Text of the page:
“We are very pleased,” he said. “Turnout is exceptional with more than 600 registered. We have a strong program with presentations from research to economic trends to industry information on the current crop and last year’s crop and the effect on consumption.”

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About the Author(s)

Ron Smith 1

Senior Content Director, Farm Press/Farm Progress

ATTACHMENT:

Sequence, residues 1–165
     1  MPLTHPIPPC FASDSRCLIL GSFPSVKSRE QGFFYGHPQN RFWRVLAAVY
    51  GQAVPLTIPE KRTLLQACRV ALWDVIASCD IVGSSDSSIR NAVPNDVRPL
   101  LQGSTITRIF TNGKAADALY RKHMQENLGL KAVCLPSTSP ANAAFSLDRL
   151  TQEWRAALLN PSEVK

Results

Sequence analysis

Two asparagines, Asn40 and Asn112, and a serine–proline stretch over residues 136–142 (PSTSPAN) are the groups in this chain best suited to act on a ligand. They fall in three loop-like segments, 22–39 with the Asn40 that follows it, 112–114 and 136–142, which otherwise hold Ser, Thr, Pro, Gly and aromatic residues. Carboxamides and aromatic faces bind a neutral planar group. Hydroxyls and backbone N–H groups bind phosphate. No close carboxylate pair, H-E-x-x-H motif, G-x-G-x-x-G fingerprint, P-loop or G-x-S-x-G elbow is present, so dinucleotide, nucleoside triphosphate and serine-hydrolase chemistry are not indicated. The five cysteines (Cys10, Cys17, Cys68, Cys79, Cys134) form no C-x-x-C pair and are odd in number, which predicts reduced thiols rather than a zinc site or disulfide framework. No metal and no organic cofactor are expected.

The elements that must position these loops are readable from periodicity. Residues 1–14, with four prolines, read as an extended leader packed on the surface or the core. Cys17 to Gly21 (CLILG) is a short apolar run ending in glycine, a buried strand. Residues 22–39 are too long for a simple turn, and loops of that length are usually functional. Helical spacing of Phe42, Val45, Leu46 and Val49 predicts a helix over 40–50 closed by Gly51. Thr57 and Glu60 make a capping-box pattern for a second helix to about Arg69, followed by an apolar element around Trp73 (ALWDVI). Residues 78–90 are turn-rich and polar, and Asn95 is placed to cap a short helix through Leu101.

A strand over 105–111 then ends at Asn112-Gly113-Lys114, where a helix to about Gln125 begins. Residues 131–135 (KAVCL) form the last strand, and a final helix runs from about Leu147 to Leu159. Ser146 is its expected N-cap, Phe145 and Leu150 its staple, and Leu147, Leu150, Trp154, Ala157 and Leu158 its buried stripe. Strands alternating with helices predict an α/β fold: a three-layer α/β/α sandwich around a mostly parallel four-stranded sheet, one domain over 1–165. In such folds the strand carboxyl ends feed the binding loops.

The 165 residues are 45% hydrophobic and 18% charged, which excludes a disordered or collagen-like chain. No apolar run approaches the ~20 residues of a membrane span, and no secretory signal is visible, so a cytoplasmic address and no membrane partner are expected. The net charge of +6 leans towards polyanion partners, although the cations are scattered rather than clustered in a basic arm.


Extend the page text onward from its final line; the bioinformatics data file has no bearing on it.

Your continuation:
Ron Smith has spent more than 40 years covering Sunbelt agriculture. Ron began his career in agricultural journalism as an Experiment Station and Extension editor at Clemson University, where he earned a Masters Degree in English in 1975. He served as associate editor for Southeast Farm Press from 1978 through 1989. In 1990, Smith helped launch Southern Turf Management Magazine and served as editor. He also helped launch two other regional Turf and Landscape publications and launched and edited Florida Grove and Vegetable Management for the Farm Press Group. Within two years of launch, the turf magazines were well-respected, award-winning publications. Ron has received numerous awards for writing and photography in both agriculture and landscape journalism. He is past president of The Turf and Ornamental Communicators Association and was chosen as the first media representative to the University of Georgia College of Agriculture Advisory Board. He was named Communicator of the Year for the Metropolitan Atlanta Agricultural Communicators Association. More recently, he was awarded the Norman Borlaug Lifetime Achievement Award by the Texas Plant Protection Association. Smith also worked in public relations, specializing in media relations for agricultural companies. Ron lives with his wife Pat in Johnson City, Tenn. They have two grown children, Stacey and Nick, and three grandsons, Aaron, Hunter and Walker.